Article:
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G-20: Rebuilding the Global Economy

Geithner on economy: 'Progress is going to be uneven'

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  • Treasury Secretary Timothy Geithner says G-20 leaders share goal on economy
  • Geithner calls for "a race to the top, rather than a race to the bottom"
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(CNN) -- CNN's Anderson Cooper spoke Thursday with Treasury Secretary Timothy Geithner at the G-20 economic summit in London, England.

Treasury Secretary Timothy Geithner (left) sits with President Barack Obama Thursday at the G20 summit.

Treasury Secretary Timothy Geithner (left) sits with President Barack Obama Thursday at the G20 summit.

Geithner discussed whether the United States bears some responsibility for the global economic woes, the possibility of a global regulator, and how to create a stronger financial system.

The following is an edited version of the interview.

Cooper: European papers have called this the most important economic summit since World War II. What have you actually accomplished, though? What new concrete steps?

Geithner: The most important thing, again, is to get the leaders of the world -- these countries represent 85 percent of global output -- to stand together and say, we're going to act together to do what's necessary to bring this recovery back on track, and we're going to act now to start to lay the foundation for a stronger financial system in the future, a more stable system that does a better job of protecting our economies.

Cooper: But there has been a lot of finger-pointing to the U.S. Does the U.S. have anything to apologize for in terms of creating this financial crisis?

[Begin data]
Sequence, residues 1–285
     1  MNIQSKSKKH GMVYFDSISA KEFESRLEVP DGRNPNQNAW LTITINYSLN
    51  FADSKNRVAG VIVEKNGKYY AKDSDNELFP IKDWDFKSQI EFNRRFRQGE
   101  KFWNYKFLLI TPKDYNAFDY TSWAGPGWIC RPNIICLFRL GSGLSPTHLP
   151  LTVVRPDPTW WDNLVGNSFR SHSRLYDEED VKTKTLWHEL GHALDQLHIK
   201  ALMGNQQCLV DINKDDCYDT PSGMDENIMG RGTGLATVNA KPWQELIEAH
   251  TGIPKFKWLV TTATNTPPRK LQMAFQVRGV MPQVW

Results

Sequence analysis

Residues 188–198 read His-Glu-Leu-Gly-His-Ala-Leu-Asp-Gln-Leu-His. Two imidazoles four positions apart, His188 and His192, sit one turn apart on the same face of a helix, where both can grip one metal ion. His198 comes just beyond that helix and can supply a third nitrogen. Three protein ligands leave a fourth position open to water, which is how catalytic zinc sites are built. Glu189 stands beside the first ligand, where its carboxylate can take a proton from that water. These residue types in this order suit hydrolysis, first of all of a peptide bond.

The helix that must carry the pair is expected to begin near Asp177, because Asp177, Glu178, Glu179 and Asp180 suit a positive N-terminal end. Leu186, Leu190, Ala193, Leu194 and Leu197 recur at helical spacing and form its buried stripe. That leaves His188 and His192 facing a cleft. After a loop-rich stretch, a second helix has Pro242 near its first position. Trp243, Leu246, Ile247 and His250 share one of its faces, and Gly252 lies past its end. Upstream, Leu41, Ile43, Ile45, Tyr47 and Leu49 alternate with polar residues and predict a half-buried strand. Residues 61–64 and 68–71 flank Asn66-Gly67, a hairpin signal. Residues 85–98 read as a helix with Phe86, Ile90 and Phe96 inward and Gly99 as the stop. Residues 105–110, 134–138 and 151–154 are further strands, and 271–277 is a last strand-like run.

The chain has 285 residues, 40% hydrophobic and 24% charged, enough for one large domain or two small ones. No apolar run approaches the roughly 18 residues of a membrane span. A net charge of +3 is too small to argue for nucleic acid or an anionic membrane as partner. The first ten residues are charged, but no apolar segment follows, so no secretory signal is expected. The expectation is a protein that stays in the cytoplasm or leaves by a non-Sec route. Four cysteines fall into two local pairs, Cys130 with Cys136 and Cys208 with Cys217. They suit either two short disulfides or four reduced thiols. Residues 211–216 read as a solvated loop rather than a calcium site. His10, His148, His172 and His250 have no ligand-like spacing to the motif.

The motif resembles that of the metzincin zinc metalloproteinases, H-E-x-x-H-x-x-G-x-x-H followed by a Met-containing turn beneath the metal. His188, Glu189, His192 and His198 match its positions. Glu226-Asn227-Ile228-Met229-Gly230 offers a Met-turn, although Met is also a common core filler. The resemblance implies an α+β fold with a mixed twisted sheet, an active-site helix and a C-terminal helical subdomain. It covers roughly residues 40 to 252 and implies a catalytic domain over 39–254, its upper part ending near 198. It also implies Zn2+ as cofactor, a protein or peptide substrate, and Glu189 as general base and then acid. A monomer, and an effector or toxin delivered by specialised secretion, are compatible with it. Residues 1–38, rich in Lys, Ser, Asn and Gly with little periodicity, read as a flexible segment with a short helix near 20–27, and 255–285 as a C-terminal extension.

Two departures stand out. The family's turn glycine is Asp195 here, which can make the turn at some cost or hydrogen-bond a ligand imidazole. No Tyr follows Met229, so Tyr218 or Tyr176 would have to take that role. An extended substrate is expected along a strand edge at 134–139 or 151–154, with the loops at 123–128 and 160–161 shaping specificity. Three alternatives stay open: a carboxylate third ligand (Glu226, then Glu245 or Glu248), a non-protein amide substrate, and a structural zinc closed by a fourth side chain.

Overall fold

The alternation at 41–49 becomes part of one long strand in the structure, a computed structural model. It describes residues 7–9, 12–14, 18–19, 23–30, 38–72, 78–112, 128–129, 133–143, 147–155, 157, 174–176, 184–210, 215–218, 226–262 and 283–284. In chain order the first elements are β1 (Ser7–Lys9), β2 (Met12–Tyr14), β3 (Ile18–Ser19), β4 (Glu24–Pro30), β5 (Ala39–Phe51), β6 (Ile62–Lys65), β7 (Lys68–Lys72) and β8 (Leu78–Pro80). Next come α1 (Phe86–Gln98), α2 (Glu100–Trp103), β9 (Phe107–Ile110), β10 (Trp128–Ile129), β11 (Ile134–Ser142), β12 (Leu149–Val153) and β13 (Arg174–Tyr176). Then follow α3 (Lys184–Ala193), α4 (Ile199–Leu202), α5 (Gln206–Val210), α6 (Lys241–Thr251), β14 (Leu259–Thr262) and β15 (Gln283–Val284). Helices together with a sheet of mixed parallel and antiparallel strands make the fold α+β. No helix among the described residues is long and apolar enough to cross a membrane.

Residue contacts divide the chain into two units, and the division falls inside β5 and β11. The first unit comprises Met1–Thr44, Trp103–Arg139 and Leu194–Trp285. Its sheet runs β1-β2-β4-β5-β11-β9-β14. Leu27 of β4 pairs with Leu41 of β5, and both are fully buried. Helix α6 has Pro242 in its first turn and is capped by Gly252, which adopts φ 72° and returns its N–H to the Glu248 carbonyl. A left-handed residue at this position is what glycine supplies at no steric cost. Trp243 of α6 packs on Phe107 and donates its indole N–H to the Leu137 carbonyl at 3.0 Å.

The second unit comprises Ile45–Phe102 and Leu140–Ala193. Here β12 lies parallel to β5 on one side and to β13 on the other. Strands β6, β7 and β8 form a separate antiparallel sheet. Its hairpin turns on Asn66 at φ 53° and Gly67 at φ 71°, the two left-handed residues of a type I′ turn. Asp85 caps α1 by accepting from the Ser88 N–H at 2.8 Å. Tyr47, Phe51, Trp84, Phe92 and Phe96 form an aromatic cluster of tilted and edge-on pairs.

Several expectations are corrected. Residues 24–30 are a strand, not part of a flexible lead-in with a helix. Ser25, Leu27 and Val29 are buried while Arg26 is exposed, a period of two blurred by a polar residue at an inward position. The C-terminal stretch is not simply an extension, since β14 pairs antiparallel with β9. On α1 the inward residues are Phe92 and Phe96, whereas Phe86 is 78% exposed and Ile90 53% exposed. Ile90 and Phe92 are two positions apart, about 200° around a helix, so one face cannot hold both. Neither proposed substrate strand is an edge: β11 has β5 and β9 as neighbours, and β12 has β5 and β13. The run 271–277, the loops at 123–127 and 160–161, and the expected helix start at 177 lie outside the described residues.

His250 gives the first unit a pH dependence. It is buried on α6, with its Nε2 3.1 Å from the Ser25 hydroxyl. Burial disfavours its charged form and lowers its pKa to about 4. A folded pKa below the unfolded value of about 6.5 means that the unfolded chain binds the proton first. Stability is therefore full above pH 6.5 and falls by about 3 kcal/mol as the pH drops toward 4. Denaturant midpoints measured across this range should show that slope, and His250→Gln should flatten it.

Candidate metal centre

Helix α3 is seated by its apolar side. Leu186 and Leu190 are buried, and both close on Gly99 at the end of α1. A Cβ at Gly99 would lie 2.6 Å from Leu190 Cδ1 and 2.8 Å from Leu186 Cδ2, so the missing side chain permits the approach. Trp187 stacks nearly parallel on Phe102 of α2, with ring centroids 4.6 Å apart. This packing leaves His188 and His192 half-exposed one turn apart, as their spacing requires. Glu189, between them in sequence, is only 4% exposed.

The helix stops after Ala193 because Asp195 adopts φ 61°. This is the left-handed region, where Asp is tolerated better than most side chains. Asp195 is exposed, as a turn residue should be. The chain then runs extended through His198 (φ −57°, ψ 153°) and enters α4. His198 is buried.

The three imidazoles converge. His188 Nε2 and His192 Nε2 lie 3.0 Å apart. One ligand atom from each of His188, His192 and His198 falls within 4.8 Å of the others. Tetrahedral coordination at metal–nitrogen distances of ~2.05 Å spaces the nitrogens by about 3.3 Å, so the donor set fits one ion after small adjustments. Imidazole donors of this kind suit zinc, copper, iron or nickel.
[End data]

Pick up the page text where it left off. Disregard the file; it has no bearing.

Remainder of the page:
Geithner: No, I believe the U.S. bears some responsibility for this, but responsibility goes around.

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I think all countries were sort of overwhelmed by the force of global capital flows. Our challenge now, though, is to make sure we're moving with the rest of the world to pull the world towards higher standards. We want us to see a race to the top, rather than a race to the bottom.

We need them to come with us if we're going to be effective in strengthening our system.

Cooper: There have been real disagreements, most notably, France and Germany. President Obama, you, yourself, wanted them to spend more, fiscal spending, to stimulate their economies. They were unwilling to do that.

Geithner: No, I wouldn't say it that way. You know, these are the way summits work. People come with their own different interests and priorities. But the president came with a strong agenda, very, very broad support for that agenda. You will see very, very strong support for his priorities and his agenda, and the world really was with him on this.

Cooper: A lot of people in the U.S. raised their eyebrows when they heard France's president talking about a global regulator who would actually be able to cross borders, reach into the U.S. economy, deal directly with the U.S. financial markets.

Geithner: That's not going to happen, and there was really no support around the room for that.

Cooper: He said that was nonnegotiable.

Geithner: The markets are global, but regulation is still the sovereign responsibility of governments.

Cooper: There are a lot of folks wondering -- bottom line -- they're wondering when is this thing going to be over? When is the bottom going to come?

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Geithner: Well, you know, we have seen some encouraging signs. The pace of deterioration has started to slow. (There's) some improvement, but it took a long time to get here. It's still enormously challenging.

Progress is going to be uneven, and we need to make sure we're acting as forcefully and quickly as we can across the board, not just on recovery, but in housing, help get credit flowing again, bring the world with us to make sure there's expanding markets for U.S. exports.

All About Timothy GeithnerG20 Industrial NationsBarack Obama

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